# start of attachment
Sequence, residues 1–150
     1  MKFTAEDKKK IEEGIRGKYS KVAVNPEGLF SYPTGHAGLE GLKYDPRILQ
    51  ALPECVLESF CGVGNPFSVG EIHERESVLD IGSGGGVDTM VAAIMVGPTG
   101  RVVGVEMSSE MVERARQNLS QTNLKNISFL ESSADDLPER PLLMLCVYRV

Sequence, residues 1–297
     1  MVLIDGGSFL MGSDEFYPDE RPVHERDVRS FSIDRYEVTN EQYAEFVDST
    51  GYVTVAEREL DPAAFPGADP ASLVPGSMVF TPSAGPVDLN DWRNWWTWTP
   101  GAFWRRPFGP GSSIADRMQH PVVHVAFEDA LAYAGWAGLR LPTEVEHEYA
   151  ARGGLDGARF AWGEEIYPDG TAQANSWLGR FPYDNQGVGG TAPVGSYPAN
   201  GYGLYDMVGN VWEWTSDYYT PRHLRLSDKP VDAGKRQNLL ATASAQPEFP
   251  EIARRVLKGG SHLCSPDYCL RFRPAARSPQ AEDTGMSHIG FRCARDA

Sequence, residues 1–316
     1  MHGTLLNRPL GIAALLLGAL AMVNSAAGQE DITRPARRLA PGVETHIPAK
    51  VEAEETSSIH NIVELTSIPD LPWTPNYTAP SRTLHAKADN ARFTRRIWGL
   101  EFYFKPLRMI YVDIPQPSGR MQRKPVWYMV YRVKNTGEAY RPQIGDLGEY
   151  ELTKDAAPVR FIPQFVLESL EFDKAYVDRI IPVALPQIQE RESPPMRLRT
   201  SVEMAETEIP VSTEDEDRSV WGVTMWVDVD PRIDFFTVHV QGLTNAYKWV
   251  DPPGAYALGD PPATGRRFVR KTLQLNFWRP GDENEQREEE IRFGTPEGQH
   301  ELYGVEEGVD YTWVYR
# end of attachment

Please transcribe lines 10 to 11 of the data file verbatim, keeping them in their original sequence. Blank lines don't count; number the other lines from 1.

   201  GYGLYDMVGN VWEWTSDYYT PRHLRLSDKP VDAGKRQNLL ATASAQPEFP
   251  EIARRVLKGG SHLCSPDYCL RFRPAARSPQ AEDTGMSHIG FRCARDA